6 Facts About The Dangers Of Radon Gas

1. What is radon?

Radon is a colorless, odorless, tasteless radioactive gas that is widely present in nature such as air, water, and soil. It is produced after several steps of radioactive decay of uranium (U-238) and thorium (Th-232). It is a natural radioactive substance that exists anywhere on Earth that is not perceived by human senses. It is known to cause lung cancer when continuously exposed to high concentrations.

2. How much radiation does a person naturally receive?

According to a 1988 report by the “United Nations Science Committee” on the effects of atomic radiation1, the average radiation dose a person receives in nature is 2.4 mSv (240 mrem) per year. Of these, half are exposures related to radon. It is also said that this value is about 1.3 mSv.

3. What is the exposure limit for radon?

The exposure limit refers to the lowest level of radon concentration that should not be exposed beyond that in order to prevent the health effects of radon in healthy people. Exposure limits for radon concentrations vary slightly from country to country. In the United States, 148 Bq / m3, in Canada, 200 Bq / m3, and in Sweden, the standard for new homes (200 Bq / m3) is lower than that of existing houses (400 Bq / m3).

4. How dangerous is radon to the human body?

The World Health Organization (WHO) said radon is the leading cause of lung cancer after smoking.2 3 to 14% of lung cancer cases are caused by radon. According to the US Environmental Protection Agency (EPA), about 21,000 people, or more than 10% of Americans’ lung cancer deaths per year, are attributed to radon.3 This is higher than the risk of death from drowning and fire, and higher than death from drunk driving.

According to EPA’s “A citizen’s guide to Radon,” smokers are more likely to develop lung cancer from radon.4 If 1000 smokers live in an indoor space where the radon concentration of 4 pCi / L, which is the standard for regulation, is maintained for a lifetime, about 62 people are at risk of lung cancer. On the other hand, non-smokers are said to have about 1/10 of the risk.

5. How does radon gas enter the residential space?

As mentioned earlier, radon is everywhere in the atmosphere. Radon gas introduced into the room may accumulate and increase the risk. It is known that 80 to 90% of the radon in the room comes from radon gas generated from soil or ground rocks through cracks in the floor or walls of buildings. In addition, radioactive materials such as radium contained in construction materials (2 to 5%), or radon dissolved in groundwater (1%) may be introduced. Once introduced into the room, radon does not easily escape and continues to accumulate.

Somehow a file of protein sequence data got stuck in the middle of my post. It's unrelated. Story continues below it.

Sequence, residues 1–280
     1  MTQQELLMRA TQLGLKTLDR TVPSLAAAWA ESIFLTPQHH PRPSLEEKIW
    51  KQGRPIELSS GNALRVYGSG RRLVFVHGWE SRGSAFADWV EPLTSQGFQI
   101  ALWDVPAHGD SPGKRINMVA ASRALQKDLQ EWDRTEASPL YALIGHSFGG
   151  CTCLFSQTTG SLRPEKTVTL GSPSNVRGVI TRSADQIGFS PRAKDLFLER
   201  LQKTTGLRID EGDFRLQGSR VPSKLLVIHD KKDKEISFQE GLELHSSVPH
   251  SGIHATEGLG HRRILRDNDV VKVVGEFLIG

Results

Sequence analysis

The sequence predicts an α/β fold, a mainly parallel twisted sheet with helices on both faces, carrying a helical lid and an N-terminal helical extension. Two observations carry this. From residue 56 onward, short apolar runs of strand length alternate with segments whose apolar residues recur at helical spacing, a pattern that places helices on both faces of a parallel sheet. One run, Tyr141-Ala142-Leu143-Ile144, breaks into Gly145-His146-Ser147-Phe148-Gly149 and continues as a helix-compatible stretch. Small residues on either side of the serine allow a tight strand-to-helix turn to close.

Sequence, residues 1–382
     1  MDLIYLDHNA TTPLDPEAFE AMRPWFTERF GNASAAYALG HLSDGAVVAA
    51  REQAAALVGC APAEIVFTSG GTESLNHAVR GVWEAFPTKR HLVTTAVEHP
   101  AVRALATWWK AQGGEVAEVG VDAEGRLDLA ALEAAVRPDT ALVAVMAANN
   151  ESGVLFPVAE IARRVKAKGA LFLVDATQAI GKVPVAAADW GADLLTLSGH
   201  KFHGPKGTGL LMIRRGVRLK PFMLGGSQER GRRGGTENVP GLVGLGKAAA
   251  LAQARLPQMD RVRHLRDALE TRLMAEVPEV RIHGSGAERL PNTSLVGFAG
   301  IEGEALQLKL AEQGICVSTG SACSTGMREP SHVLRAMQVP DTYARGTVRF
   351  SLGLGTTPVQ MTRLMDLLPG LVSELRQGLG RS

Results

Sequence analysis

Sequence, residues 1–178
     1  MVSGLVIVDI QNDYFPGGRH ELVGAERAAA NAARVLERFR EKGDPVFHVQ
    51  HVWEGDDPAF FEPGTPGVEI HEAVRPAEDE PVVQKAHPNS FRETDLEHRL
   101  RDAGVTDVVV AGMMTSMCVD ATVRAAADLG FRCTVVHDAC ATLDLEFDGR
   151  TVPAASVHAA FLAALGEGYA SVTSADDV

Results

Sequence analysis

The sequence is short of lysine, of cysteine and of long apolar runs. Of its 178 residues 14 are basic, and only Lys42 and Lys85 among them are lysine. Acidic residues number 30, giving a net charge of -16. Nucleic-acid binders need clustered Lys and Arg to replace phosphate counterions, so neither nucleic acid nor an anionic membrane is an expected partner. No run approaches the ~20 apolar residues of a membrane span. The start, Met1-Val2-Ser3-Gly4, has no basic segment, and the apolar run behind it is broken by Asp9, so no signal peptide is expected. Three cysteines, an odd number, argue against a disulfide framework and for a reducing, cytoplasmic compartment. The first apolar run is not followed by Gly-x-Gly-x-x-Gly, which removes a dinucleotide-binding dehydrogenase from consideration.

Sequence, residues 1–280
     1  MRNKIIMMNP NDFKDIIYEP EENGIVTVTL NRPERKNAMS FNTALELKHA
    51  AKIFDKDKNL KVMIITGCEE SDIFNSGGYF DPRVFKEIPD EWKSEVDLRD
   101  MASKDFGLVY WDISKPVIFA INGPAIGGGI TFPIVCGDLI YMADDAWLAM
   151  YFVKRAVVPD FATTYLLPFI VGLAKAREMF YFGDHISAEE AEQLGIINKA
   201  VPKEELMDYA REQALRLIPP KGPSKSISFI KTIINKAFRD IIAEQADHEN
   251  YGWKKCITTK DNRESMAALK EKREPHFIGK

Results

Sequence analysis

The concentration of radon in a poorly ventilated building is tens to hundreds of times higher than in outdoor environments. In general, the path through which radon gas is introduced is as follows.

6. How to reduce the indoor concentration of radon gas?

The easiest way is ventilation. Periodic indoor ventilation can significantly reduce the concentration of radon. Repairing a building’s cracks can help reduce the concentration of indoor radon in existing buildings. If it is not enough to prevent cracking, radon discharge pipes can be installed in the soil under the building to collect radon gas in the soil and discharge it outside the building without going through the room. In addition, if the pressure of the indoor air is artificially increased higher than the lower part of the building through the air inflow device, radon gas cannot enter the room due to the pressure difference.

When building a new building, consider the following radon reduction construction method from design.

  1. After laying gravel in the soil, install a radon discharge pipe.
  2. Place plastic sheet and seal it so that there is no gap.
  3. When the radon discharge pipe is installed to go straight up from the basement to the top of the building roof, radon gas generated from the soil does not accumulate in the room and goes out into the atmosphere.
  4. For the purpose of increasing the reduction efficiency, a ventilation fan may be additionally installed.
  1. http://www.iaea.org/inis/collection/NCLCollectionStore/_Public/23/035/23035062.pdf
  2. https://www.who.int/news-room/fact-sheets/detail/radon-and-health
  3. https://www.epa.gov/radon/health-risk-radon
  4. https://www.epa.gov/radon/citizens-guide-radon-guide-protecting-yourself-and-your-family-radon

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